In August 2022, the Inflation Reduction Act revised two credits available for energy efficient home improvements and residential clean energy equipment. The credits are now worth more and extended further than under previous legislation. Let’s find out how you can take advantage of these credits on your 2023 tax return.

The Home Energy Credits should be looked at under two buckets:

  1. Energy Efficient Home Improvements
  2. Residential Clean Energy

Energy Efficient Home Improvement Credit

Prior to the passage of the Inflation Reduction Act, the Energy Efficient Home Improvement Credits were known as Nonbusiness Energy Improvement Credits and were limited to a $500 lifetime credit. Not terribly generous under the old rules. But thankfully the new rules allow for a credit up to $1,200 per year, with no lifetime maximum.

So which home improvements can qualify for the credit?

  • Home energy audits: $150
  • Exterior doors: $250 per door (up to $500 per year)
  • Exterior windows and skylights, central A/C units, electric panels and related equipment, natural gas, propane and oil water heaters, furnaces or hot water boilers: $600

The credit is computed as:

  • The lesser of 30% of your purchase price,
  • The annual limit of $1,200, or
  • The per item limit listed above

In addition to the items above, there is a credit for electric or natural gas heat pump water heaters, electric or natural gas heat pumps, and biomass stoves and biomass boilers up to $2,000. 

Solar water heaters and heat pumps must generally meet Energy Star requirements in order to qualify for the credits.

Therefore, the total maximum Energy Efficient Home Improvement Credit is $3,200 provided that you purchased items from both categories during the year.

Residential Clean Energy Credit

Prior to the passage of the Inflation Reduction Act, the Residential Clean Energy Credits were known as Renewable Energy Credits and were being phased out slowly. These credits were for a maximum of 22% of the purchase price before the passage of the Inflation Reduction Act.

The new rules restore the original 30% credit rate until 2033 when they ratchet down to 26%. The rate is reduced to 22% in 2034 and then is set to expire in 2035.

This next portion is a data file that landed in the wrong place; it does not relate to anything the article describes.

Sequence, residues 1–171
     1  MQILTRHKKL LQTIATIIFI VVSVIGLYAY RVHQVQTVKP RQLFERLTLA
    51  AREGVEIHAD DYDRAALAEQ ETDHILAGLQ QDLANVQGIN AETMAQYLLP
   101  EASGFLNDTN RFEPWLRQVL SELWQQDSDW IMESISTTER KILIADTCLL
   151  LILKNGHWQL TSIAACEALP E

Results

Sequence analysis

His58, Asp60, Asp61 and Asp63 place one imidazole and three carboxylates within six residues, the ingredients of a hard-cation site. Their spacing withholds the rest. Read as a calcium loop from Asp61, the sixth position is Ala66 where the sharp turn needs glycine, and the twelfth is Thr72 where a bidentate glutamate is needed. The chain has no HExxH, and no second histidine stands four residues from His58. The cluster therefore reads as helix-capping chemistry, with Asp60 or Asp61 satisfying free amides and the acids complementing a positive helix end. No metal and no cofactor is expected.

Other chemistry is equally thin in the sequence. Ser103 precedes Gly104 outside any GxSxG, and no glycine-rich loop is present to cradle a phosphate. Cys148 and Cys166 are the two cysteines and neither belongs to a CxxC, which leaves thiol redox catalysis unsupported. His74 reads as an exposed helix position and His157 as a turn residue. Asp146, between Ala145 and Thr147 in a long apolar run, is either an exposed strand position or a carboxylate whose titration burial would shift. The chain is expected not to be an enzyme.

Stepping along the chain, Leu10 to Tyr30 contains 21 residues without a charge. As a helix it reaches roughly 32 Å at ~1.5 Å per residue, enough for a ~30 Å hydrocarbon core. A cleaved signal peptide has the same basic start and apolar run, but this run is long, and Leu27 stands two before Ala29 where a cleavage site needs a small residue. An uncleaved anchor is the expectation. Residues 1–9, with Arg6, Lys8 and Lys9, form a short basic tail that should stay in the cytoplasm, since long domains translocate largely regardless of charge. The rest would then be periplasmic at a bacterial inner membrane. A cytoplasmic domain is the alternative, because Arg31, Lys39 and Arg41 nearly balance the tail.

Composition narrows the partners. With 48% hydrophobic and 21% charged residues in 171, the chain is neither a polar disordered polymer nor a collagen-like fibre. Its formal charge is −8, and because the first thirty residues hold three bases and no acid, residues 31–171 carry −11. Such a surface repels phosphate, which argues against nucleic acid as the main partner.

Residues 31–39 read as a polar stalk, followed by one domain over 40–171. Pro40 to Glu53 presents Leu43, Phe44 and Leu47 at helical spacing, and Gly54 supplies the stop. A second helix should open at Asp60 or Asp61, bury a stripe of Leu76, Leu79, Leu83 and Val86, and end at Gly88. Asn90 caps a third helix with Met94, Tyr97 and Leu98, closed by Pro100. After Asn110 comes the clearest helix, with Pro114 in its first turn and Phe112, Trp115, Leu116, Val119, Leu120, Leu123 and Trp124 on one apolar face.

The following equipment qualifies for the credit:

  • Solar panels, or photovoltaics, for generating electricity
  • Solar-powered water heaters for water used inside the home (at least half of the home’s water-heating capacity must be solar and water for swimming pools and hot tubs doesn’t qualify)
  • Wind turbines that generate up to 100 kilowatts of electricity for residential use
  • Geothermal heat pumps that meet federal Energy Star guidelines
  • Fuel cells that rely on a renewable resource (usually hydrogen) to generate power for a home (minimum 0.5 kilowatts of power generation capacity)
  • Battery storage technologies

It’s important to note that the cost of installation for these items can generally be included in the credit computation. The caveat here is that roof materials may NOT be eligible depending on the type of work being done. If you reshingle a roof while installing solar panels, it is unlikely that the shingles count towards the credit. 

Nonrefundable Credits

Both the Home Energy Credits are considered nonrefundable credits which means that you must have a gross tax liability of at least the credit amount in order to qualify to take the full credit. Taxpayers can, however, carry forward excess unused credit and apply it to any tax owed in future years. The credit is claimed on IRS Form 5695, “Residential Energy Credits.” 

Also, keep in mind that the credit reduces your tax basis in your home and must be excluded when figuring out the potential taxable gain on the sale of your home.


The Home Energy Credit rules have been greatly expanded so it’s worth taking another look if it has been some time since you last considered them. Careful tax planning can help optimize your tax credit over the life of home ownership.

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